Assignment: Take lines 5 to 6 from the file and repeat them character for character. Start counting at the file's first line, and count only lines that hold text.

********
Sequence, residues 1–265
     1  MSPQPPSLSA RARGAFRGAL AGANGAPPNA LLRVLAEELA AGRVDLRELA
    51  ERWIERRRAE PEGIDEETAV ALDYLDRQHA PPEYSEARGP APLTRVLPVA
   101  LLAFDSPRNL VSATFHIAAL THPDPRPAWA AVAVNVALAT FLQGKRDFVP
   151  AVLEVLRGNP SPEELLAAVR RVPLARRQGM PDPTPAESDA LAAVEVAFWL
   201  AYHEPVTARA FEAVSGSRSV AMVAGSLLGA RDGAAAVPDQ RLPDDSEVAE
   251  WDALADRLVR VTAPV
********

   151  AVLEVLRGNP SPEELLAAVR RVPLARRQGM PDPTPAESDA LAAVEVAFWL
   201  AYHEPVTARA FEAVSGSRSV AMVAGSLLGA RDGAAAVPDQ RLPDDSEVAE